alexa-3-600x735-9562399Because as you do your workouts, you are going to push yourself, and you are going to do things that sound impossible right now, and that you never would have imagined yourself doing. It could be running a mile, or two or 100! Or it could be swimming to the other end of the pool, to the other end of the lake, or around the island. Or it could be cycling five, fifty, or 500 miles.

Every workout, every race, your continuous development is an adventure.

5) Competition

Maybe the fun, camaraderie, healthy living, and adventure aren’t what you are all about. Maybe you live to compete. Lucky you. You can compete on so many levels.

First, I am talking about self-competition, about “beating” yourself, about pushing yourself to be your best, to give your best, and then be better than what your best was. This is what the crux of triathlon is all about.

There’s also the gold medal winning, podium placing, national championship type of competition. You can compete locally and qualify to compete at the National Championships, and potentially even represent Team USA at the World Championships. Also, did you know there are college teams, and even professional triathlon leagues? The level at which you choose to compete doesn’t matter, but every time you zip up for a training session or race, make no mistake, you are competing.


Still not convinced that you should do a triathlon? Yes. I know I said it would only be 5 points, but I couldn’t keep it to 5. Perhaps the best reason you should do a triathlon is…

6) Because You Can

If there is one infallible truth in all of this, it is that you can do a triathlon. Seriously. YOU. CAN. DO. IT.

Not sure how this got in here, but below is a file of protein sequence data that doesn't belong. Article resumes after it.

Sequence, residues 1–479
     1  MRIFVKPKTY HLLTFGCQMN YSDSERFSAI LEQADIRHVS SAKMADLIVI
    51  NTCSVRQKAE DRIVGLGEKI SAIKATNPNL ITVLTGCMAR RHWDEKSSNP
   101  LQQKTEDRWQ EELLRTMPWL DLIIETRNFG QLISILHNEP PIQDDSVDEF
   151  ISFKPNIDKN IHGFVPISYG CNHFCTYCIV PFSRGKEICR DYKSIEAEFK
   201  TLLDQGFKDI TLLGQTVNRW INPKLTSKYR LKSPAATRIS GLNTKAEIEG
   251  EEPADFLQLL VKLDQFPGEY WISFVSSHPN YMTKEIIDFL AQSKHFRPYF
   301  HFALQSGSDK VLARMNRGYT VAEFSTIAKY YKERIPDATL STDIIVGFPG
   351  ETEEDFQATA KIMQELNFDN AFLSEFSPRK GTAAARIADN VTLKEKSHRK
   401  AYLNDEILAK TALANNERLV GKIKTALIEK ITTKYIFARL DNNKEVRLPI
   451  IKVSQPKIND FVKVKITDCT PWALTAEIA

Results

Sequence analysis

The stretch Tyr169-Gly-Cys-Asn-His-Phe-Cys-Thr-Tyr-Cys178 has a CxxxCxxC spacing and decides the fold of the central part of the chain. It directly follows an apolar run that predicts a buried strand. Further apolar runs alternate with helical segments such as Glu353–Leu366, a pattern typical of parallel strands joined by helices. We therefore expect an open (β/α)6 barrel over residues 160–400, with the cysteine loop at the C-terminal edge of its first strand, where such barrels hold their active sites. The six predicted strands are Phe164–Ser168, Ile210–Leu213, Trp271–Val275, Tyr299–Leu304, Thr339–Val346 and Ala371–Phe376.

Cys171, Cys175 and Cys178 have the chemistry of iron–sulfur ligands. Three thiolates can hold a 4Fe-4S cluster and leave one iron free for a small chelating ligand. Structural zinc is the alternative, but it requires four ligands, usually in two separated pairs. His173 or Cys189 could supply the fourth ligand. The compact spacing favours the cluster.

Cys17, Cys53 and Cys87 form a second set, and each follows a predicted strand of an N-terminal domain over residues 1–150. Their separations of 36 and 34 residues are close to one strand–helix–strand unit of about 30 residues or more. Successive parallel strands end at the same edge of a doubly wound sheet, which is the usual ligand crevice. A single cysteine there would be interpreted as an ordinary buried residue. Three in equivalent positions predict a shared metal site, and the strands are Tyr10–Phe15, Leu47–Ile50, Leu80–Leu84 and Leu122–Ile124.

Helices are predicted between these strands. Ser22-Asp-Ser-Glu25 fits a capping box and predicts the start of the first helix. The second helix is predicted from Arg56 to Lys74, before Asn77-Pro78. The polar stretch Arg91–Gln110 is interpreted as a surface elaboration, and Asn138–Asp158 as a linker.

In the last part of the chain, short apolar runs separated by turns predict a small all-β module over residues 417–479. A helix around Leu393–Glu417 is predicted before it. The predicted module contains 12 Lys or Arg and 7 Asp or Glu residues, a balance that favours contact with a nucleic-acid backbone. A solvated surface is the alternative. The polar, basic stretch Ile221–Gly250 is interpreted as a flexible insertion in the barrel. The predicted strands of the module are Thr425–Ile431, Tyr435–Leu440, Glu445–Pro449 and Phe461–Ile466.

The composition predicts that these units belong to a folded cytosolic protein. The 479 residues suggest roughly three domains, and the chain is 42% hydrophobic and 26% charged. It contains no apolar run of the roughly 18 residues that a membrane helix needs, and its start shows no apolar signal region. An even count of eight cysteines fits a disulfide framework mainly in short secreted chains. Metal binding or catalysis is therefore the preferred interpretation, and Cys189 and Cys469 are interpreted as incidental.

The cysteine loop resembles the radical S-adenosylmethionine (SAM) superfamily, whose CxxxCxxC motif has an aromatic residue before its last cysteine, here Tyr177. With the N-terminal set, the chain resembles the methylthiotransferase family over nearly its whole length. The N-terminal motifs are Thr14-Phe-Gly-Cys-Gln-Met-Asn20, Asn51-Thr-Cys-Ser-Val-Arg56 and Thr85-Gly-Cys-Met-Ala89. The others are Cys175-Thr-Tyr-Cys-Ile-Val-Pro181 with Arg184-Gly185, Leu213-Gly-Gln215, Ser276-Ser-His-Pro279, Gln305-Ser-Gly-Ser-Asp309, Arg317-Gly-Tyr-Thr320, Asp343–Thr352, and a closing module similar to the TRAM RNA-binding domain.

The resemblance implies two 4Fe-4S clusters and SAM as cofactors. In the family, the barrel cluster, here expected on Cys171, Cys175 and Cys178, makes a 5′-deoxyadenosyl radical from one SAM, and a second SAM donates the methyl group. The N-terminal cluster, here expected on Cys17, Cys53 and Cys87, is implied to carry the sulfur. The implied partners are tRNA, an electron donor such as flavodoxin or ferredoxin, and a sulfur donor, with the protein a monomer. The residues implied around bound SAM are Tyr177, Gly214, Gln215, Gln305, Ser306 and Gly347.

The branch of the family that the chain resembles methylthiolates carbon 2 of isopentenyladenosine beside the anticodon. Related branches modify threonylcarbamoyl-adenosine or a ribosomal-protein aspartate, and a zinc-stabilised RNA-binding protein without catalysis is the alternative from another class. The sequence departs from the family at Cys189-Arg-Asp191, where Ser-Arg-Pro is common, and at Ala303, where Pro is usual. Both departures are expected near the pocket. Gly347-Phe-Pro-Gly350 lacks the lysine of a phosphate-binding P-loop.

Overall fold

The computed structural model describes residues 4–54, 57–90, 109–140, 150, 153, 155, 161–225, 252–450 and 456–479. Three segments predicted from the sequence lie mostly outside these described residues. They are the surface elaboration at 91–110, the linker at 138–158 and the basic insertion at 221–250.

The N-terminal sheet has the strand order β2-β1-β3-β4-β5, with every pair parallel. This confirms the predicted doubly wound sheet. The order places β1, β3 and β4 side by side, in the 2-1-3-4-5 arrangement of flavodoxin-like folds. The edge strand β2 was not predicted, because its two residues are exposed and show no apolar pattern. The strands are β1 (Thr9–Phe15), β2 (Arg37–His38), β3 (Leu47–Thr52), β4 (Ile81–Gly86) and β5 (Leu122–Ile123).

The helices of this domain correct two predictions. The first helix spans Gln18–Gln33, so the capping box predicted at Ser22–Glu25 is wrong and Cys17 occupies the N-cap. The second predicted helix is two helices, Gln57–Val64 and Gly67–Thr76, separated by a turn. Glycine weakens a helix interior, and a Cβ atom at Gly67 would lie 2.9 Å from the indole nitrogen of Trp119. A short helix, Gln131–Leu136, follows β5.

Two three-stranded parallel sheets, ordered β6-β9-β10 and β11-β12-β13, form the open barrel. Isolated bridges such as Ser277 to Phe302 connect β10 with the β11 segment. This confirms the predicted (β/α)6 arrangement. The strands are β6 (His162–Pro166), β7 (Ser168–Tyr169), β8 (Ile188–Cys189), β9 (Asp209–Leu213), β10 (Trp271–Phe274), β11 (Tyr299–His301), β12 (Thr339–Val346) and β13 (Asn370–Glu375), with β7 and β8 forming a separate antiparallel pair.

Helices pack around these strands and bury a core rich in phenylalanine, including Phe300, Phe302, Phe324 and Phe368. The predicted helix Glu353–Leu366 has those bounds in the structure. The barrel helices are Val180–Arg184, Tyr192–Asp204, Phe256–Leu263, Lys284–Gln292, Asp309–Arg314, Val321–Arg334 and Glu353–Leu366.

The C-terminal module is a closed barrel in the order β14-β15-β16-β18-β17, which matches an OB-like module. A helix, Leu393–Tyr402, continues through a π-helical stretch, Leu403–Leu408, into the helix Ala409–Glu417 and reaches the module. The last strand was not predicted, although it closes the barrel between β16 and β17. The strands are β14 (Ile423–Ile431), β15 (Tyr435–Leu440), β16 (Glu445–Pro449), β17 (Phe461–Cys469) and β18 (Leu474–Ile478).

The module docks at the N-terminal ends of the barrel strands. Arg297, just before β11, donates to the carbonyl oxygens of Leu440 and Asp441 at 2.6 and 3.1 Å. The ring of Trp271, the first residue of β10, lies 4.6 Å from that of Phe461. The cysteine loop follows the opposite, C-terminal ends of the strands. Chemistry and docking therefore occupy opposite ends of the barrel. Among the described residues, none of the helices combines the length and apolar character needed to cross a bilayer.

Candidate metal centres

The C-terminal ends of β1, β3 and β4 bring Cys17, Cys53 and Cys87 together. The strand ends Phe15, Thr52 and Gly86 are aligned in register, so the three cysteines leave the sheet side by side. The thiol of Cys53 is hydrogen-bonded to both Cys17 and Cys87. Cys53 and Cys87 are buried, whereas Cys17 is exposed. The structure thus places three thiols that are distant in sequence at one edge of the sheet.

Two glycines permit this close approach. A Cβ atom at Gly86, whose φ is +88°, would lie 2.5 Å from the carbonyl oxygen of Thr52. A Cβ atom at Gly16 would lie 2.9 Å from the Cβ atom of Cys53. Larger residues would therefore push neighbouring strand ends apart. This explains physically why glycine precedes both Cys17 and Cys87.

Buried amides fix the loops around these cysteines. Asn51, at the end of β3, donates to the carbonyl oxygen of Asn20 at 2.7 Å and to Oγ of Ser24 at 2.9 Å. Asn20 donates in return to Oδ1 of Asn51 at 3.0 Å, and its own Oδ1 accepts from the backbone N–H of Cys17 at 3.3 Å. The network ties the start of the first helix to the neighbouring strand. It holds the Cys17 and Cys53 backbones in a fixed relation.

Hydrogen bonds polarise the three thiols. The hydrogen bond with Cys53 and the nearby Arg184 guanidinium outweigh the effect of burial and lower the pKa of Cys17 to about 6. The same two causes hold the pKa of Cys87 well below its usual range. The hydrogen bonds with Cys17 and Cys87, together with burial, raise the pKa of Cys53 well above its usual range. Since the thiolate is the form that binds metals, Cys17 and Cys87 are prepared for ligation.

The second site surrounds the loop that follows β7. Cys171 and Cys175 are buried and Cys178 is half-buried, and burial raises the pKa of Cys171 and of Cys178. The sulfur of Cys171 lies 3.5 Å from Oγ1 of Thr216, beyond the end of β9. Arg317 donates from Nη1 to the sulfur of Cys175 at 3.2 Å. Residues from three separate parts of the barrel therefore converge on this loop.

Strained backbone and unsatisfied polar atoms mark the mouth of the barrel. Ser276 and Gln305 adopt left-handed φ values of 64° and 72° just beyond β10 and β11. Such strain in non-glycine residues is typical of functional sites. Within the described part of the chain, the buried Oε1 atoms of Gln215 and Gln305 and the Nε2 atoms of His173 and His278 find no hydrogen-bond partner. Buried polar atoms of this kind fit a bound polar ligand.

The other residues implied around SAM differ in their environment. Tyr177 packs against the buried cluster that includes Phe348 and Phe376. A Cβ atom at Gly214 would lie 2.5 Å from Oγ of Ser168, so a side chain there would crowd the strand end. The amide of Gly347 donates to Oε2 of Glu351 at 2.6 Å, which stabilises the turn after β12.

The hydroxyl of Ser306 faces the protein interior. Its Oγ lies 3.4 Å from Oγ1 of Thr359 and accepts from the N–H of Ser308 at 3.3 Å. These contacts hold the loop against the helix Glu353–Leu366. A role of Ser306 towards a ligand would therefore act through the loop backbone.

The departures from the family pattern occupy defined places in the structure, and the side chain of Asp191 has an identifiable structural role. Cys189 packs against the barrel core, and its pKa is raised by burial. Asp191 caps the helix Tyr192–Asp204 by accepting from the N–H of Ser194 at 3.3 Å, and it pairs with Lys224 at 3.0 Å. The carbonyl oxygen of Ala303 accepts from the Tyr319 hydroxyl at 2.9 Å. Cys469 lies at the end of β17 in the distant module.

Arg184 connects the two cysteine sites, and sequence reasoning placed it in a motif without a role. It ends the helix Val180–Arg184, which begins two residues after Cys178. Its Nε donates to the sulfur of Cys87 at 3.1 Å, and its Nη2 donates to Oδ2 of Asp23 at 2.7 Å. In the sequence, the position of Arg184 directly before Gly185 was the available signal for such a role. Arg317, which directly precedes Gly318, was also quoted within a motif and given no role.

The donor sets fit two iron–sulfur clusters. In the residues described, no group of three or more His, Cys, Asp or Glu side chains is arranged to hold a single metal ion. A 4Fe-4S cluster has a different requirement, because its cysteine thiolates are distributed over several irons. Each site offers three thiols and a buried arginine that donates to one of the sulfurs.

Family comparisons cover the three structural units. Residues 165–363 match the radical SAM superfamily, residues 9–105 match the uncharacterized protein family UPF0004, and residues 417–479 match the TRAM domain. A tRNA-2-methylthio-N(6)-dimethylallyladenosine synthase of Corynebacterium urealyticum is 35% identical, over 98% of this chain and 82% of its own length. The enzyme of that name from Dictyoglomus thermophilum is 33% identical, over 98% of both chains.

You don’t need to be in perfect shape. You don’t need to look like an Olympian. There is no one perfect body size, shape, or type. I have seen athletes tall and skinny to short and stocky and everything in between. I have seen athletic bodies and finishers who have said they don’t have an athletic bone in their body (boy were they wrong!). I have seen people with one leg, no legs, one arm, no arms, combinations thereof, and people with cerebral palsy, multiple sclerosis, and cancer finish a triathlon. You are not too old or too young to do a triathlon. There are triathletes in their early teens and into their eighties.

All you need to do a triathlon is the desire to do so: the desire to have fun, make some friends, get/stay healthy, go on an adventure, and be your best self. So, next time someone asks you to do a triathlon, take them up on the offer, it just might change your life!

Ready to take the next step? check out www.mytimetotri.com or our articles here on this site for a ton of good resources. If you are interested in one-to-one coaching (virtual or local) or a personalized performance training plan, contact us!

5 Reasons You Should Do a Triathlon